Napa Valley

 Perhaps the state’s most famous wine region—although far from its biggest—is Napa Valley, stretching from the hot mineral springs of Calistoga in the north to funky Napa city in the south. The valley’s sun-baked hills produce some of the world’s best Cabernet Sauvignon at wineries such as Stag’s Leap and Robert Mondavi (also try Mondavi’s signature Fumé Blanc, a dry-style Sauvignon Blanc). At the southern end in Carneros, cooling breezes from San Pablo Bay create ideal conditions for elegant Pinot Noir. Napa Valley is where fine wine meets exceptional food; a visit to The French Laundry restaurant in Yountville, for instance, is a must.

Ridge Vineyards



Across the Mayacamas Mountains to the west of Napa Valley lies Sonoma County. This wine region has an impressive range of terroir and microclimates—and more soil types than are found in all of France. Its 17 distinct AVAs (American Viticultural Areas) produce everything from elegant Sauvignon Blanc at wineries such as Russian River Vineyards to full-bodied Zinfandel at Ridge Vineyards or Ravenswood Winery. Pair your wine touring with other activities; Sonoma County is also a destination for art and nature aficionados, and gourmet travellers. Cities such as Healdsburg and Santa Rosa boast plenty of galleries and restaurants, and hiking trails wind through North Sonoma Mountain Regional Park and other wilderness areas.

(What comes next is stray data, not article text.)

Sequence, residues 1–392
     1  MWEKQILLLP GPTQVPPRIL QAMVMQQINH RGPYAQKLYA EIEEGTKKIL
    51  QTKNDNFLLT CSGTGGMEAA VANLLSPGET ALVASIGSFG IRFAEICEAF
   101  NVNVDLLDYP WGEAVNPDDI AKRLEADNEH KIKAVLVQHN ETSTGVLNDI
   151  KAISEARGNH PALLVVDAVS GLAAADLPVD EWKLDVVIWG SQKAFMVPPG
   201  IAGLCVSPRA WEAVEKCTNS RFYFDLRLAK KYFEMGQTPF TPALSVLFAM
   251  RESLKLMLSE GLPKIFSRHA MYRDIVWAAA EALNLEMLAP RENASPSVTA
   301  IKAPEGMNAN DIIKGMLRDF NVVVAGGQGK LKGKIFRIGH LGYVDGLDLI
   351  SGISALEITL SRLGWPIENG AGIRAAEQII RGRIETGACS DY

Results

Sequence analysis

Don’t miss: Don your aristocratic party mask and slip back into the 19th century at the annual Harvest Masquerade Ball in October at Buena Vista Winery, California’s oldest commercial winery.


[This story appears in the September 2017 issue of WestJet Magazine and has since been updated.]